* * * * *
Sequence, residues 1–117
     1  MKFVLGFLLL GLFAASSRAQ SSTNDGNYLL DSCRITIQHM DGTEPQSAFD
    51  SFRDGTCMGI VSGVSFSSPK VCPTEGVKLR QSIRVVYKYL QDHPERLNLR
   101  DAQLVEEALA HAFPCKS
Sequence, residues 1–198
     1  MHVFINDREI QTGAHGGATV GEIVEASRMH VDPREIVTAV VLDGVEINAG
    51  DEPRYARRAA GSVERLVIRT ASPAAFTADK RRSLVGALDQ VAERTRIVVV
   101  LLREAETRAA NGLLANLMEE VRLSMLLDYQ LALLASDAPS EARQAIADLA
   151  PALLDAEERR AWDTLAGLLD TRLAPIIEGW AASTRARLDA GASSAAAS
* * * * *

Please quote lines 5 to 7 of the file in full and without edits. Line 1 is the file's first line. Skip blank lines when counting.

Sequence, residues 1–198
     1  MHVFINDREI QTGAHGGATV GEIVEASRMH VDPREIVTAV VLDGVEINAG
    51  DEPRYARRAA GSVERLVIRT ASPAAFTADK RRSLVGALDQ VAERTRIVVV